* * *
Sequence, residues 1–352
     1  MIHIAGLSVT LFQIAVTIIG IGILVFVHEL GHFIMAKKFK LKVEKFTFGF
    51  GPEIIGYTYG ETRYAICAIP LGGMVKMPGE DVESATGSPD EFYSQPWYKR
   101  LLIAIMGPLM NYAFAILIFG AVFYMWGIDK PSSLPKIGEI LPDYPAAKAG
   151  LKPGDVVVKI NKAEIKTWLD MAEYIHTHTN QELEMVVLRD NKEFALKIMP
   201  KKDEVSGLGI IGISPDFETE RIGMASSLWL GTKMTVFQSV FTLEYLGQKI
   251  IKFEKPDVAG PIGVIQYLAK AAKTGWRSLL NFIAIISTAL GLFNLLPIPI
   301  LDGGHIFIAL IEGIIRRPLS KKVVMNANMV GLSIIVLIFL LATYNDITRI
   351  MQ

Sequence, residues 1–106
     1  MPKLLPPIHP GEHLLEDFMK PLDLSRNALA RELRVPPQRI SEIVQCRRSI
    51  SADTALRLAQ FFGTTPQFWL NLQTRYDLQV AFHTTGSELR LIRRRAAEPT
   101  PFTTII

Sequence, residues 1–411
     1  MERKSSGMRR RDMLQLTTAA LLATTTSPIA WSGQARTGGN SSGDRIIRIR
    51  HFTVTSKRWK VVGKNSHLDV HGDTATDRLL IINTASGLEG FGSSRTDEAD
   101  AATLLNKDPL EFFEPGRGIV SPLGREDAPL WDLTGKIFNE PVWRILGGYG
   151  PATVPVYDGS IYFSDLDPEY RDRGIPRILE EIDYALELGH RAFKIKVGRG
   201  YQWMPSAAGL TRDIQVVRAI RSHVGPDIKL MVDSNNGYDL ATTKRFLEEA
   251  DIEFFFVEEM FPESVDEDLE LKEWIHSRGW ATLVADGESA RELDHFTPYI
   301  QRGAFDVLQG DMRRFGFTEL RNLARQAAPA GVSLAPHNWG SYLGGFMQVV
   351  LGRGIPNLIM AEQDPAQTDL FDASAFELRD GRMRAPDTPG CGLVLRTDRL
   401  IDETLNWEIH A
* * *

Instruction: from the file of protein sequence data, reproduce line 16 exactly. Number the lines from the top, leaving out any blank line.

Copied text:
    51  HFTVTSKRWK VVGKNSHLDV HGDTATDRLL IINTASGLEG FGSSRTDEAD